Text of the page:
Gap seals are generally used in bearings and other constructions highly susceptible to wear, for example, in the form of an O-ring. A clearance seal is used to close or fill (and join) spacing between two parts, e.g. in machine housings, to allow for the vibration of those parts. An example of this type of seal is the so-called floating seal which can be easily replaced. These seals are mostly manufactured from rubber or other flexible but durable synthetic materials.
Seal piping plans
Since the rotating seal will create heat from friction, this heat will need to be removed from the seal chamber or else the seal will overheat and fail. Typically, a small tube connected to either the suction or the discharge of the pump will help circulate the liquid. Other features such as filters or coolers will be added to this tubing arrangement depending on the properties of the fluid, and its pressure and temperature. Each arrangement has a number associated with it, as defined by American Petroleum Institute "API" specifications 610 and 682.
Usually these are considered to be disposable since refurbishing the metal parts and replacing the wearable items isn't economical.
Component seals are produced in high volumes so the end price is low in comparison to cartridge seals.
The majority of mechanical seal manufacturers offer seals that are dimensionally interchangeable with each other. The only difference being material quality and price. Also component seal is expensive to assemble as it will be assembled on the pump.
Tandem and double seals
Since almost all seals utilize the process liquid or gas to lubricate the seal faces, they are designed to leak. Process liquids and gases containing hazardous vapors, dangerous toxic chemicals or flammable petroleum must not be allowed to leak into the atmosphere or onto the ground. In these applications a second "containment" seal is placed after the primary seal along the pump shaft. The space in between these two seals is filled with a neutral or compatible liquid or gas (generally nitrogen) called a buffer seal (unpressurized) or barrier seal (pressurized).
In a tandem seal [face-to-back], the seal will leak into the buffer fluid contained in the unpressurized cavity commonly known as thermosiphon pot. If the cavity registers a dramatic increase in pressure or fluid level, the operator will know that the primary seal has failed. This can be achieved by using pressure/level switches or transmitters. If the cavity is drained of liquid, then the secondary seal has failed. In both instances, maintenance will need to be performed. This arrangement is commonly used when sealing fluids that would create a hazard or change state when contacting open air. These are detailed in API 682 [Currently 3rd Edition] Piping Plan 52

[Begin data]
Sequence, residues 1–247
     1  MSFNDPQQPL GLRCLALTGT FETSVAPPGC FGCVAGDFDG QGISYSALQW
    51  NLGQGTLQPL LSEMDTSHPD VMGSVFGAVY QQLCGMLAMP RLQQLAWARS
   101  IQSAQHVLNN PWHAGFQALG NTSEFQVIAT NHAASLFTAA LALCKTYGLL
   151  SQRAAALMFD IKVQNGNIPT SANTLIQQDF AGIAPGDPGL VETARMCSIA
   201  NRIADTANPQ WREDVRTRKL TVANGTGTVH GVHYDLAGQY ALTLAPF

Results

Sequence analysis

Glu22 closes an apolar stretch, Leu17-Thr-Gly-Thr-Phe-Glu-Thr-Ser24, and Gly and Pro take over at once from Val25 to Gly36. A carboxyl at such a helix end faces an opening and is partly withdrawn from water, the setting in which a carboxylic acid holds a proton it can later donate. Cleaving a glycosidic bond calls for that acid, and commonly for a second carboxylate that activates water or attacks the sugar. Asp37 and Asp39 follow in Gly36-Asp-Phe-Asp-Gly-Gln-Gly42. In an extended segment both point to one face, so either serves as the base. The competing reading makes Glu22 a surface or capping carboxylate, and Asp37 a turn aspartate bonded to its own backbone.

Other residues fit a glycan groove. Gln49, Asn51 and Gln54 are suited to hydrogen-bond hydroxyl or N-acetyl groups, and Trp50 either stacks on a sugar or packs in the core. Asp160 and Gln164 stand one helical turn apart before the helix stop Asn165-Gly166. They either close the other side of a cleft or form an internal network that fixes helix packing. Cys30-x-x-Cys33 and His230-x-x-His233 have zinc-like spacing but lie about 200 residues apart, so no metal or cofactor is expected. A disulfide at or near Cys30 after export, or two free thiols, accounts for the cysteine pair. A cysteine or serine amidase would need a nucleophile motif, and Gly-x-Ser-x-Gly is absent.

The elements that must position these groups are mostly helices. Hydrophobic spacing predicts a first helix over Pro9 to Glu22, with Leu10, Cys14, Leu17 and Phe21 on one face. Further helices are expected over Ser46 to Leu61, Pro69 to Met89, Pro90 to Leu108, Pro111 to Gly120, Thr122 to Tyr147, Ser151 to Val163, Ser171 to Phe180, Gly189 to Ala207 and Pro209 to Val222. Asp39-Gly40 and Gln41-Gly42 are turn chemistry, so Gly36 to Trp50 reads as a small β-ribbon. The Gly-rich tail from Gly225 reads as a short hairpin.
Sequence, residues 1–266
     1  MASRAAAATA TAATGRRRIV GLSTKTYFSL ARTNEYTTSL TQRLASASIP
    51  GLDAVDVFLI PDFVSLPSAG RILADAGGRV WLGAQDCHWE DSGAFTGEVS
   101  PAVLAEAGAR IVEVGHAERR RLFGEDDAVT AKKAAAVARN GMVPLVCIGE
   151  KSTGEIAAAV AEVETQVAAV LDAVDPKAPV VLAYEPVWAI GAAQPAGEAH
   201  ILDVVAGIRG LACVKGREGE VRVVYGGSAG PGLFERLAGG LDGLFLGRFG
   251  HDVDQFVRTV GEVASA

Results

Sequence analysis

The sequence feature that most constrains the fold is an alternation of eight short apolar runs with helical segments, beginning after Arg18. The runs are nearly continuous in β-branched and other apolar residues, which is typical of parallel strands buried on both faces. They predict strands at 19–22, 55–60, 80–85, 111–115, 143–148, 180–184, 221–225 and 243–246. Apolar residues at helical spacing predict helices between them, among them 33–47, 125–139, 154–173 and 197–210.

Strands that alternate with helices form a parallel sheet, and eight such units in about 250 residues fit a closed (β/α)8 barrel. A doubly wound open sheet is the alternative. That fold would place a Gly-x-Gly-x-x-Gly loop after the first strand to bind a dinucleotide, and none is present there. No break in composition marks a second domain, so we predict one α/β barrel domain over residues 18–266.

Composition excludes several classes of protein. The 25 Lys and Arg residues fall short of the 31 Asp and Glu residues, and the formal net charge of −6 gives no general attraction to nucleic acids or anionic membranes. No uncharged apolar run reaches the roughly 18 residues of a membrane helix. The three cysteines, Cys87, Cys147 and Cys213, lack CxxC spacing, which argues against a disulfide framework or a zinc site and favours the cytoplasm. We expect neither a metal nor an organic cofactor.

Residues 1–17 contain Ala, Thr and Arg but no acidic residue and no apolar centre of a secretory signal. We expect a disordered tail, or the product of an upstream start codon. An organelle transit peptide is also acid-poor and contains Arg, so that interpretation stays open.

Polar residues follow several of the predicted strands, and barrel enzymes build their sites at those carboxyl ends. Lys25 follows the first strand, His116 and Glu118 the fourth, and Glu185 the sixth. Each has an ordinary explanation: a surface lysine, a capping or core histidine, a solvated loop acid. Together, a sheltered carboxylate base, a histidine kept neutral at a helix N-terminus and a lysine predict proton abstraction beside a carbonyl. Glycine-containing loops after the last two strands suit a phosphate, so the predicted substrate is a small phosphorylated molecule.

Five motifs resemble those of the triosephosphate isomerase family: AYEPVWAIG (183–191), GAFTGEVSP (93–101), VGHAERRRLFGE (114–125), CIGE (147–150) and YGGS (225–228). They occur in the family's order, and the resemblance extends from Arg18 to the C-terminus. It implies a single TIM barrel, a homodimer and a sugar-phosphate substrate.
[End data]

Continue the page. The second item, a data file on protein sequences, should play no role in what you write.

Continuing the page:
In a double seal [Generally Back to Back], the barrier liquid in the cavity between the two seals is pressurized. Thus if the primary seal fails, the neutral liquid will leak into the pump stream instead of the dangerous pumped fluid escaping into the atmosphere. This application is usually used in gas, unstable, highly toxic, abrasive, corrosive, and viscous fluids. These are detailed in API Piping Plan standards #53a, 53b, 53c; or 54. Plan 74 may also be considered a double seal piping plan, although it is used exclusively when describing a dry gas barrier seal support system. The barrier fluid used in a Plan 74 system is simply a gas, not a liquid. Typically, nitrogen is used as its inert nature makes it advantageous due to mixing with the process stream being sealed.
Tandem and double seal nomenclature historically characterized seals based on orientation, i.e., tandem seals mounted face-to-back, double seals mounted back to back or face-to-face. The distinction between pressurized and unpressurized support systems for tandem and double seals has lent itself to a more descriptive notation of dual pressurized and dual unpressurized mechanical seal. This distinction must be made as traditional 'tandem seals' can also utilize a pressurized barrier fluid.
The mechanical seal was invented by George Cook and was originally called a "Cook Seal". He also founded the Cook Seal Company. Cook's seal (which actually did not have a means of drive) was first used in refrigeration compressors. The Cook Seal company was a sideline product for Cook and he sold the company to Muskegon Piston Ring Company where it was renamed as The Rotary Seal Division of Muskegon Piston Ring Co. Muskegon Piston Ring sold the Rotary Seal Division to EG&G Sealol who in turn was largely acquired by John Crane Industries of Morton Grove, IL.
In 1990, the world market for mechanical seals was estimated at $1 billion.